“I have to say it is yes, in this sense: it depends on the size, but when acting as an entrepreneur, in a country with such a high tax burden, at one point there is the risk of not being as competitive as other countries.

“Just recently, I said in Italy, that it is fair that those who have more must pay more. It’s absolutely fair, because this is normal, it’s the right thing to do. But on two conditions: one is that if the state asks citizens to make sacrifices, it must make some first. And the second condition is that the state tells us clearly where our tax money is going. Because if my tax money – and I repeat, it is fair for rich people to pay more – ends up in public spending or fuelling corruption, then I don’t agree at all.”

euronews:

“Ferrari has been through periods of deep crisis, but has also experienced amazing comebacks and recovery. What is the key to allow a team to overcome even the most difficult moments?”

Luca Cordero di Montezemolo:

“You and your viewers know that winning is not always easy, and to keep winning is even more difficult. Hence, what is needed is: teamwork, determination, to always look forward, innovate, invest in young people, help people evolve from number two or number three to number one. And occasionally, bring in people from the outside, who bring a breath of fresh air, a new culture and a new way of thinking.”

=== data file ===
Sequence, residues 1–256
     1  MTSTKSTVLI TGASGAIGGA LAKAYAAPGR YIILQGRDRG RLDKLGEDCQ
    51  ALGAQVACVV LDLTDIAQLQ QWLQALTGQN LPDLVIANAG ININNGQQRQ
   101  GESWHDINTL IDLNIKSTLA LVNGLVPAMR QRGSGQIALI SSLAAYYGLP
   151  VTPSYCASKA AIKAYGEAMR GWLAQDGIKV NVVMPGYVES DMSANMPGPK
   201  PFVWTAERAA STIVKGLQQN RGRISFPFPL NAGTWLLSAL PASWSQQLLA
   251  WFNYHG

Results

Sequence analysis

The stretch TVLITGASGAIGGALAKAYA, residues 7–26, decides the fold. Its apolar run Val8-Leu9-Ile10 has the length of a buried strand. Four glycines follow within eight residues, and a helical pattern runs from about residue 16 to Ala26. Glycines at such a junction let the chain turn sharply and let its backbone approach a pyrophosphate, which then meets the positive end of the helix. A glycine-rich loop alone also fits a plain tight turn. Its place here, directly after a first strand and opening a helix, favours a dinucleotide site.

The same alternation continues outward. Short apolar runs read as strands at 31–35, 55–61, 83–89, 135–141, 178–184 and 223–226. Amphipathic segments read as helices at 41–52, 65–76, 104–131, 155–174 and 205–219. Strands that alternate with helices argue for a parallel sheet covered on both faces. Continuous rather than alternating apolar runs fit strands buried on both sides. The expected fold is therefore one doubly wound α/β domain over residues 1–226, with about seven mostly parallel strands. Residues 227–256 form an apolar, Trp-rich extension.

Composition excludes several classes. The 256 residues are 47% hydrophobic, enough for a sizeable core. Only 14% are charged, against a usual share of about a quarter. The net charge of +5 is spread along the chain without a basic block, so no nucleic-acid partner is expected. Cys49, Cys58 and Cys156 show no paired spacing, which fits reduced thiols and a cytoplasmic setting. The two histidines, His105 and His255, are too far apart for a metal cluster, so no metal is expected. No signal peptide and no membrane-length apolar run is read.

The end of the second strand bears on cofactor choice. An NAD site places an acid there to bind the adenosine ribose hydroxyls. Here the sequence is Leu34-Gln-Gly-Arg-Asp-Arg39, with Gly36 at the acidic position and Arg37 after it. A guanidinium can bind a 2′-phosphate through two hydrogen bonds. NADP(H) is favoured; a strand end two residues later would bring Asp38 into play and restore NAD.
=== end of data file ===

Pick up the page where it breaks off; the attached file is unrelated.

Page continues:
euronews:

“Can we venture a prediction for the Formula 1 world championship?”

Luca Cordero di Montezemolo:

“Look, we are now in the lead. I think, and I say it with conviction, that it’s up to us to win or lose this world championship. I hope to win it, of course, I think we may have the right conditions, but, as I always say, we’re not running alone, we have very strong opponents.

“I also hope, in the last few races, to have a second driver, Massa, who can take away some points from our competitors. Because in the remaining six races, it’s not only important for us to do well, but also for our opponents not to do too well.”

euronews:

“You are president of the political and economic think-tank Foundation Italia Futura which is actively involved in Italy’s 2013 general election. What will your personal commitment be?”

Luca Cordero di Montezemolo:

“The first goal of Italia Futura is to contribute to the renewal of the political class, injecting new people into politics, competent, credible people with a passion for giving and not receiving. This is very important in a political world like ours, that is stuck in its ways and very reluctant to take responsibility for what is happening.

“And the second is to stimulate Italians with fresh ideas and to bring about change, to broaden their prospects, and encourage them to get more involved in their country, for the common good. Along the lines of the French Fifth Republic. I hope that Italy, with its third republic, can do the same as the Fifth Republic in France. But I’m not asking for anything for me, I will not be candidate.

“I want to do something for my country that has given me so much, and I want to continue meanwhile to do a good job, but also contribute to this project in which I really believe, mainly because I have kids, because I love Italy and I realise the extraordinary potential of this country that doesn’t deserve to be in this situation.”